We cater for all types of bookings at The Colonel Fawcett. Drop us an email and we will get straight back to you…
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1 Randolph Street
12pm – 12am (Food 12pm-3pm, 5.30pm-9.30pm)
12pm – 1am (Food 12pm-3pm, 5.30pm-9.30pm)
11am -1am (Food 11am-4pm, 5.30pm-9pm)
12pm – 11pm (Food 12pm-8pm)
1 Randolph Street
For the food lover or the ale explorer. Early week is a chance to discover why we take so much pride in our food and drink at The Colonel Fawcett. A great time for a meal or a quiet drink with friends, in a relaxed atmosphere.
Lunchtimes are buzzing but family friendly, with emphasis on our food and our service. Later in the evening The Colonel well and truly bursts into life. Music til late, playing anything and everything to make you dance. Reserve an area downstairs for free, or check out our beautiful 120 capacity function room.
Sundays are what the Colonel Fawcett truly excels in. Award winning roasts (The Observer Food Monthly Best Sunday Lunch), newspapers and cocktails. If the sun is shining, pop out to one of our two gardens and enjoy a cocktail or three. If the snow is falling, curl up on one of our big sofas with a mulled wine.
Established in the early 1800s, The Colonel Fawcett provided a refuge for all manner of Victorian England’s more macabre characters. It harboured an unlikely band of brigands and thieves taking leave from their plunder and pillaging of the countries highways alongside soldiers of the Empire, returned to a London much removed from the one they left when they sailed from the mouth of this city’s great river.
This unlikely group of patrons contrived to give the establishment a reputation that extended far across the dim lit streets and acrid canals of London; this Pub becoming a byword for all that was held in contempt by those who considered themselves to be of high society. It was here that all the vices and sins from across the Empire were collected together in an orgy of inconceivable indulgence and debauchery.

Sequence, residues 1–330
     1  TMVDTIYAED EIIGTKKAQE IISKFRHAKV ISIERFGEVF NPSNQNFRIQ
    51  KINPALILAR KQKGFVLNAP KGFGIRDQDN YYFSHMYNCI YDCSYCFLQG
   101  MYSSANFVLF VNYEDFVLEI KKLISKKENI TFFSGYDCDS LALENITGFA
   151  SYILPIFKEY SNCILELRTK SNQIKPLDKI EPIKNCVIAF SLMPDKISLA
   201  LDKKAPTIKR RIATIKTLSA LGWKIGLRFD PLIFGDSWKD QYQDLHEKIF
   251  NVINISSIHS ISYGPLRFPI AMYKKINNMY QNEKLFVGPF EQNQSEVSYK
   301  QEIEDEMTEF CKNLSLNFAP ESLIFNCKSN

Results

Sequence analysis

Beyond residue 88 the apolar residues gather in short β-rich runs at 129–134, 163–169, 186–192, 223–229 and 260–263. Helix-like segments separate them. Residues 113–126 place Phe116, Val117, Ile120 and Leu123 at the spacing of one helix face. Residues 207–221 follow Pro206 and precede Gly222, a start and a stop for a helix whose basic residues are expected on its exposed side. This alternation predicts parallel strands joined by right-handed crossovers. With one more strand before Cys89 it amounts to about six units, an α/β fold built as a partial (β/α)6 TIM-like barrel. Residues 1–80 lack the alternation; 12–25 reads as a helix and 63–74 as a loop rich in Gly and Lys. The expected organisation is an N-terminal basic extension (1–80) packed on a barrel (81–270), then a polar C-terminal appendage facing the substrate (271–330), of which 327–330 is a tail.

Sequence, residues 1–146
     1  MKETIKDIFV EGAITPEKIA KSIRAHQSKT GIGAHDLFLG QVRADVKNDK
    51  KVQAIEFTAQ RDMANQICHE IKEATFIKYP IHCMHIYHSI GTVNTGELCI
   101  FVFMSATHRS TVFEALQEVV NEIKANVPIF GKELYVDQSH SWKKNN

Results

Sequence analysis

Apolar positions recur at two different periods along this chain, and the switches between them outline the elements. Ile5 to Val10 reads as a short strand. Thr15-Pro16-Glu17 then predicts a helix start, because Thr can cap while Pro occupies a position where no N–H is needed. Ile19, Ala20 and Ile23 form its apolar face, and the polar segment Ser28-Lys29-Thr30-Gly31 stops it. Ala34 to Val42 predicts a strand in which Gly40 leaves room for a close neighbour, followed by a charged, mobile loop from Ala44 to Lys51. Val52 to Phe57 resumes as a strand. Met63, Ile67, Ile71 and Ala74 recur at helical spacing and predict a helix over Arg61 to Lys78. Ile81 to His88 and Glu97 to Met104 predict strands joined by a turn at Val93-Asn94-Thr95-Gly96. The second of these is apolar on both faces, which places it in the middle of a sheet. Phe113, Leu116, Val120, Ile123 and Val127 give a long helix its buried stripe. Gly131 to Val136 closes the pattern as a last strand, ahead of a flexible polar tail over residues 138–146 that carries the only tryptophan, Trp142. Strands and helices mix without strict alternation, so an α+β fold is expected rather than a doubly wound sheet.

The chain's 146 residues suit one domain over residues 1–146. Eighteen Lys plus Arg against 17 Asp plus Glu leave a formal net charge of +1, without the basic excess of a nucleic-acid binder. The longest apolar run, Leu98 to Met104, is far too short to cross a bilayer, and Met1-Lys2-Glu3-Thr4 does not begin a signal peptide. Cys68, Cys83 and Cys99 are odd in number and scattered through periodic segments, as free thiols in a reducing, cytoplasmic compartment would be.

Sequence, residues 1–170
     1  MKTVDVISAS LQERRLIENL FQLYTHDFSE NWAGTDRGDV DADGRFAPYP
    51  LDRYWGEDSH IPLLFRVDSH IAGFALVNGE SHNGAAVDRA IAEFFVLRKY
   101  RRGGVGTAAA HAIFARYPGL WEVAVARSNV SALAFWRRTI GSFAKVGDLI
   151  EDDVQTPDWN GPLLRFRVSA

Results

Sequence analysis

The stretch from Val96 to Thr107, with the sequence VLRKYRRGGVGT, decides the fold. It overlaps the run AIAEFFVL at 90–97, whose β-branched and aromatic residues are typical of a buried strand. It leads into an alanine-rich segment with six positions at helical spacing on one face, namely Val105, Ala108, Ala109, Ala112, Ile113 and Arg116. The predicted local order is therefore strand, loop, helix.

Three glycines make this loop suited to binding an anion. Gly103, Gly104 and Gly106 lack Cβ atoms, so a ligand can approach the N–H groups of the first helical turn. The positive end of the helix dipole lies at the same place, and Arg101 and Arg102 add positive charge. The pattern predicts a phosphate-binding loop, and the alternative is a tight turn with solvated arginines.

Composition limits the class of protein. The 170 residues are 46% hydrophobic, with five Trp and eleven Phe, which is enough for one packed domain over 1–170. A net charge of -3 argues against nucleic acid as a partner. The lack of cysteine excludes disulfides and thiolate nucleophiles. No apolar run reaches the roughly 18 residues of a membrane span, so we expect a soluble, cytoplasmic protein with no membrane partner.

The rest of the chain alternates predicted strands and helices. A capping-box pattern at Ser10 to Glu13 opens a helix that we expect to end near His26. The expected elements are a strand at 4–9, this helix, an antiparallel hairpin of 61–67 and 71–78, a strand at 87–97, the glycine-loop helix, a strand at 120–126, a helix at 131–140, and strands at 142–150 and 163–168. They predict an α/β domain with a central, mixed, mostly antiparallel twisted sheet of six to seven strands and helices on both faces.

With consummate ease one could corrupt oneself absolutely through inebriation and carnal indecency. And it was not unusual for one of these so called members of the Enlightened, who publicly decried this revelry, to be found hypocritically savouring all it had to offer. And no one more so than the Colonel Fawcett did have a penchant for the debauchery served up with uncompromising consistency.
An English gentleman who had served his queen and country across the British Empire, on returning from India became one of the taverns most loyal patrons. With a taste for gin that only a man who had sailed the seven oceans could possess, and the possessor of an affection for the women who graced this institution, the Colonel was a man who courted favour with many. However it was this very house that sadly saw the end of the demise of this raffish gentleman. The Colonel and his brother –in-law, Lieutenant Munroe, were embroiled in a bitter dispute over land ownership. An unfortunate coincidence brought these two men together at the most inopportune time, and with neither wishing to sacrifice their honor a duel was agreed and fought in this here pub.
In 1834 Colonel David Fawcett received fatal gunshot wounds to the chest in what was to be the last fatal duel in Britain. He retired to the upstairs room where he spent his last two days as he lived, drinking gin and entertaining his fellow patrons with his wit and charm.